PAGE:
The white Angel picks up where I figli di nessuno left off. Four years separated the two films, during which time Matarazzo directed another seven films, two of which were in collaboration with the infallible team of Nazzari and Sanson. However, that is of little importance, as time passes but the classics are never forgotten. And if they do get confused in your memory, it only increases the feeling of vertigo. Not by chance have we chosen the word vertigo, as it is the title of the Alfred Hitchcock film released three years later, and it is impossible not to mention the similarities between Vertigo and L’angelo bianco. They both contain the same (erotic) obsession for the love interest, who comes back in the form of a double. With great talent, Yvonne Sanson plays two parts: a nun and a music hall dancer, the two souls of this popular melodrama that are reflections of one another: redeemer and sinner. It is incredible how Matarazzo, with sets that seem to reflect the economy of means available to him, was able to give us such a dense, complex and tortuous film, spiralling to the point that we lose all sense of time.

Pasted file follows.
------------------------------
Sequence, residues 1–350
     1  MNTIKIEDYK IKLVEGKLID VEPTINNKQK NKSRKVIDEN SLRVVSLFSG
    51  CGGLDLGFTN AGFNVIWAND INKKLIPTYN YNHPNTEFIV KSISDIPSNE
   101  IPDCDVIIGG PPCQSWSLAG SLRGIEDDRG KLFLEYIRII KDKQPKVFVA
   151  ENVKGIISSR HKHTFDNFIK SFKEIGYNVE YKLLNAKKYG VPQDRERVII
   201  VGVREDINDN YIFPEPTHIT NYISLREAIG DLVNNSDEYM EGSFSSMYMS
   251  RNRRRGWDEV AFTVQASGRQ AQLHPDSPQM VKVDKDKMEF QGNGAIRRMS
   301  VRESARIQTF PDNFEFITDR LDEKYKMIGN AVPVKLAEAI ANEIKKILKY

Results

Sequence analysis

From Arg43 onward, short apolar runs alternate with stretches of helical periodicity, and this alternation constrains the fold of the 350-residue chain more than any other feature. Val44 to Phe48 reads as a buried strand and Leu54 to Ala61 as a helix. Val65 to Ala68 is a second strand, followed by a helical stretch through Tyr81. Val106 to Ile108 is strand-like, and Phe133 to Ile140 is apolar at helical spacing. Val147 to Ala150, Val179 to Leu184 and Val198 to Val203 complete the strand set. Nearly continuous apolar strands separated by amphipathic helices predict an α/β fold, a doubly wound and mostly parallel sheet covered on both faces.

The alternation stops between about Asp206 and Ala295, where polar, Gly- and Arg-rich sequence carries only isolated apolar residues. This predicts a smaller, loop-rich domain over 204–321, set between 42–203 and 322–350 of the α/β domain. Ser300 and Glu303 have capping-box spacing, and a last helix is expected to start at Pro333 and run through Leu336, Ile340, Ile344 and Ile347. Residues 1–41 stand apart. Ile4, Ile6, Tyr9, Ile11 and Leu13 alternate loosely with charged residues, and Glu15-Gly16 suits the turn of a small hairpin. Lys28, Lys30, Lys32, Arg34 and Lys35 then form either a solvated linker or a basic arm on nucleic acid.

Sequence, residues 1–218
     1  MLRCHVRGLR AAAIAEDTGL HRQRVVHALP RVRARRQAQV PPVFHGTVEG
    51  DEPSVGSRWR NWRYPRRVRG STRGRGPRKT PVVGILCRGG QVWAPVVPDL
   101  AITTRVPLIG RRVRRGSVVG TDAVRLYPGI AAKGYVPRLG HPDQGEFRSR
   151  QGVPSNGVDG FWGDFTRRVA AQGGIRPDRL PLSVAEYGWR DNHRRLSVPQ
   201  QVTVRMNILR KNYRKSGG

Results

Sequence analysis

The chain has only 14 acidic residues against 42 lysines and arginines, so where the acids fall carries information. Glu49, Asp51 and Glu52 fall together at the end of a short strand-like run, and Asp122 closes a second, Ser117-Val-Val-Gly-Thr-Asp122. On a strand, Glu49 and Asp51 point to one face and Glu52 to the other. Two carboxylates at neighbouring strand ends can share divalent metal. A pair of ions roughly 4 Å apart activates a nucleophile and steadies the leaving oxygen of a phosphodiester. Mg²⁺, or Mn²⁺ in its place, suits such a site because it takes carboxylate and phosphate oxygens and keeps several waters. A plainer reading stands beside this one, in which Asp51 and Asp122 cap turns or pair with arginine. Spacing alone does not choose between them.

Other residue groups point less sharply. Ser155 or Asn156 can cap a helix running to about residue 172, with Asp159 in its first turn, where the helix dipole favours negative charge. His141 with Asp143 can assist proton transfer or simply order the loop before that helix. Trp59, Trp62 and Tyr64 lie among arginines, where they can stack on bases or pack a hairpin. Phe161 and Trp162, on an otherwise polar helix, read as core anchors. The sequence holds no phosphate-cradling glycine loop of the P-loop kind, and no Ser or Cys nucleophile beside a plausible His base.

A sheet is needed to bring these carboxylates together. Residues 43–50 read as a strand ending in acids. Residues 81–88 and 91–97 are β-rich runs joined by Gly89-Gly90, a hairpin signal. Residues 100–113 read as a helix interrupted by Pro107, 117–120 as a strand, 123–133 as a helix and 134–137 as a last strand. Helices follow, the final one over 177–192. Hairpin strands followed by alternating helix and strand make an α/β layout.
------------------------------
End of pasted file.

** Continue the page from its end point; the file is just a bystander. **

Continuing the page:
Guido cannot forgive his wife, Elena, for the harm she caused to him and his son in Figli di nessuno. He asks for a divorce. She runs away with her daughter, but they both disappear in a shipwreck. Guido meets a dancer, Lina, on a train. She is a dead ringer for Luisa, the woman he had loved, who gave him a son who died tragically, and who took religious vows and became Sister Addolorata. Guido and Lina spend time together and she becomes pregnant. She ends up in prison for trafficking counterfeit money. She is badly beaten by other inmates, but manages to give birth to their son. Guido marries her in prison on the same day that a riot breaks out and some prisoners try to escape. Lina dies and the rioting prisoners take the baby. Only Sister Addolorata is able to return the child to the arms of his father.